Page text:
CRIMEWhat Can We Learn from the Nation’s Historic Decline in Murders?

By Champe Barton

Published 11 January 2024

The U.S. endured a spike in gun violence during the pandemic, but it’s subsiding in many places. A researcher puts the latest homicide statistics into context — and warns lawmakers not to become complacent.

The end of 2023 provided the first clear signal that the wave of violence that swept the United States during the COVID-19 pandemic is beginning to abate. 

Statistics compiled by the consulting firm AH Datalytics, founded by the crime researcher Jeff Asher, show that in 175 cities, murders fell by an average of 12 percent compared to 2022. In Los Angeles, murders dropped more than 16 percent; in Houston, more than 20 percent. In Philadelphia, where the pandemic period saw killings climb to an all-time high, they plummeted more than 24 percent. 

According to Asher, while some cities have yet to report their final figures for the year, the sample suggests one of the steepest national year-over-year homicide declines on record. 

A deeper look at the numbers shows that the decline was uneven across the country. Murders increased in several major cities like Dallas, Memphis, and Washington, D.C. And in many others, violence still has yet to fall to pre-pandemic levels. According to the Gun Violence Archive, a nonprofit that tracks shootings through news and police reports, the United States still saw more gun homicides in 2023 than in 2019, and firearm homicides among children aged 18 and under have increased nearly 70 percent through the same period.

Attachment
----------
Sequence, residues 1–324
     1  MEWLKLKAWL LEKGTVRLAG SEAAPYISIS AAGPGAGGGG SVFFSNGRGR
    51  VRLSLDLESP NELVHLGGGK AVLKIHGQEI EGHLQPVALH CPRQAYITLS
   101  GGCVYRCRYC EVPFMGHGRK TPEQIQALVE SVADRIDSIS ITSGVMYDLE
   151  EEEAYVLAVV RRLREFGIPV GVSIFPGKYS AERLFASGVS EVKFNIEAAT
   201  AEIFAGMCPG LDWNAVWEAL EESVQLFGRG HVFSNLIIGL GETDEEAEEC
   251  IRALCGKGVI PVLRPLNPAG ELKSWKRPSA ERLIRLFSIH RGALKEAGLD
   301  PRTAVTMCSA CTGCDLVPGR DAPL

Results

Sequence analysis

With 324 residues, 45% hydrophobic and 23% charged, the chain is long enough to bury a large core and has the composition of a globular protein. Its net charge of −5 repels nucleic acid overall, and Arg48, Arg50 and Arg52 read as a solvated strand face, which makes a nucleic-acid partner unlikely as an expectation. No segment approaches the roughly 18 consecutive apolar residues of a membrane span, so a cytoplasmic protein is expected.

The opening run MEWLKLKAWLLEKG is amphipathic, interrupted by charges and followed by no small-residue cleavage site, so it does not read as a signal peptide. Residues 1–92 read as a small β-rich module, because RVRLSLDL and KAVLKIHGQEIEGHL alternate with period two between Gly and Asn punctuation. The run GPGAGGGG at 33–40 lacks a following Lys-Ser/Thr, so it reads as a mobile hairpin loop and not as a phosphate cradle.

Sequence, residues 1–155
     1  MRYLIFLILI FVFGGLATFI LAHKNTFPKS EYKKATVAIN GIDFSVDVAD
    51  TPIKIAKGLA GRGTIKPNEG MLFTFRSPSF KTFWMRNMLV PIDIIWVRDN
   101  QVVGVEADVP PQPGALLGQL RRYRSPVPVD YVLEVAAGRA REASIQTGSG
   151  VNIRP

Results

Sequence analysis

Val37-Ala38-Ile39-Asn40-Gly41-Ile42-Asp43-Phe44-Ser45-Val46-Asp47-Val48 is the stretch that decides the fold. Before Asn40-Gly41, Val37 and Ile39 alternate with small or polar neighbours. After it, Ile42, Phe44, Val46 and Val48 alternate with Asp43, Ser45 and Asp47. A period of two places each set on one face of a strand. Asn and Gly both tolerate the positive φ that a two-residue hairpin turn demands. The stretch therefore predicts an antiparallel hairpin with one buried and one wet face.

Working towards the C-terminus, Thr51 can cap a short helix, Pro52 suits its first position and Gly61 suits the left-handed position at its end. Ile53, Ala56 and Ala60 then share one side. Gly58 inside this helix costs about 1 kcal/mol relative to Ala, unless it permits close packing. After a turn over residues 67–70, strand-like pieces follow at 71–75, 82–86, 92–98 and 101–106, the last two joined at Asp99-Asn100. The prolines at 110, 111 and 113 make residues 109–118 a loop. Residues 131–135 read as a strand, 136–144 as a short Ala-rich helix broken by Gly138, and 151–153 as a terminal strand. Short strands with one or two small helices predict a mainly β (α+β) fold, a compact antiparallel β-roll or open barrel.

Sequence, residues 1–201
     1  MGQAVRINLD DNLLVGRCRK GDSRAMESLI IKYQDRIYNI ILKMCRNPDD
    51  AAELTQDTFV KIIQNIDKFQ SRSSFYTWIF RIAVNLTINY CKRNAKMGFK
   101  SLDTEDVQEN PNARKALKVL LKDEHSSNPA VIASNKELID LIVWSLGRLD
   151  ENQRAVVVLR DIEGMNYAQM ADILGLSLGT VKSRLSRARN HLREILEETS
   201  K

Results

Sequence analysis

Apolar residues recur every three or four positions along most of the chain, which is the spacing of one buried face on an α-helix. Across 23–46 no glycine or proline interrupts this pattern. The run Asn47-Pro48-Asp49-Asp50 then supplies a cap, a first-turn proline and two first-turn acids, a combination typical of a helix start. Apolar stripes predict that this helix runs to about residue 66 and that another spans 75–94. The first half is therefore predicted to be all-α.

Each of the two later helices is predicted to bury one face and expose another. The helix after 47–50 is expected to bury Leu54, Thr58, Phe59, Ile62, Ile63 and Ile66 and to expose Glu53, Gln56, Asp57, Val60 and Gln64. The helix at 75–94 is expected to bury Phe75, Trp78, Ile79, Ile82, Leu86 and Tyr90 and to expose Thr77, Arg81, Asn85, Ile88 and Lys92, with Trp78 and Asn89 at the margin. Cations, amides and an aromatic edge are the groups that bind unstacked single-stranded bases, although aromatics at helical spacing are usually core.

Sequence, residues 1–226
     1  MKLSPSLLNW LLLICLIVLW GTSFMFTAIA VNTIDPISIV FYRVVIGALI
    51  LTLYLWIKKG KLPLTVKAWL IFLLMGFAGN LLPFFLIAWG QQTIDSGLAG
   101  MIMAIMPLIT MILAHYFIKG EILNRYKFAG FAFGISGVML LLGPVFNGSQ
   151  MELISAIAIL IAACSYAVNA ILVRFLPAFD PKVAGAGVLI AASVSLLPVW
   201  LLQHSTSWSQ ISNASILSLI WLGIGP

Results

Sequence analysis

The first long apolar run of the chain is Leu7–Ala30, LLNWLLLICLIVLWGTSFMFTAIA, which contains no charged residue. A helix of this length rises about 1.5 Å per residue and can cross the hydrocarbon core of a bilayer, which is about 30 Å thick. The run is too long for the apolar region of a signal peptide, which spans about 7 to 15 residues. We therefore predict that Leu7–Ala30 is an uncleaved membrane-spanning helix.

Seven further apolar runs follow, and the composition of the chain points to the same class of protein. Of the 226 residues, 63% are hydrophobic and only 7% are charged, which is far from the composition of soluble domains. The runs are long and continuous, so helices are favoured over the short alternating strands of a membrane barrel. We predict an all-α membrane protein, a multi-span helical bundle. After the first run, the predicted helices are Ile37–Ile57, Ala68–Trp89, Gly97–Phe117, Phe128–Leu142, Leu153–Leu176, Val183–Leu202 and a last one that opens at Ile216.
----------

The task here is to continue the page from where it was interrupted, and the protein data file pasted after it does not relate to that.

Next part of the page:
It remains unclear what factors are responsible for the decline, or whether increased attention to community gun violence interventions since the pandemic has had an impact. To help make sense of this landscape, we spoke to Joseph Richardson, a gun violence researcher at the University of Maryland and director of the Violence Intervention Research Project at Prince George’s Hospital Trauma Center. He offered cautious optimism about the success of cities like Baltimore, and he warned that complacency on the part of state and federal legislators could risk stifling the past year’s progress. 

This interview has been edited for length and clarity.

The murder rate has dropped precipitously from 2022. What explains the decline?
We have to put into context that we experienced one of the greatest spikes in homicides in 30 years alongside COVID-19. People are getting excited about this reduction, but it may be just a natural decline to where we were prior to the pandemic, as the economic, social, and psychological instability that people were experiencing during that period returns to normal. Now, why was the decline so precipitous? I don’t think any criminologist has a conclusive answer to that yet.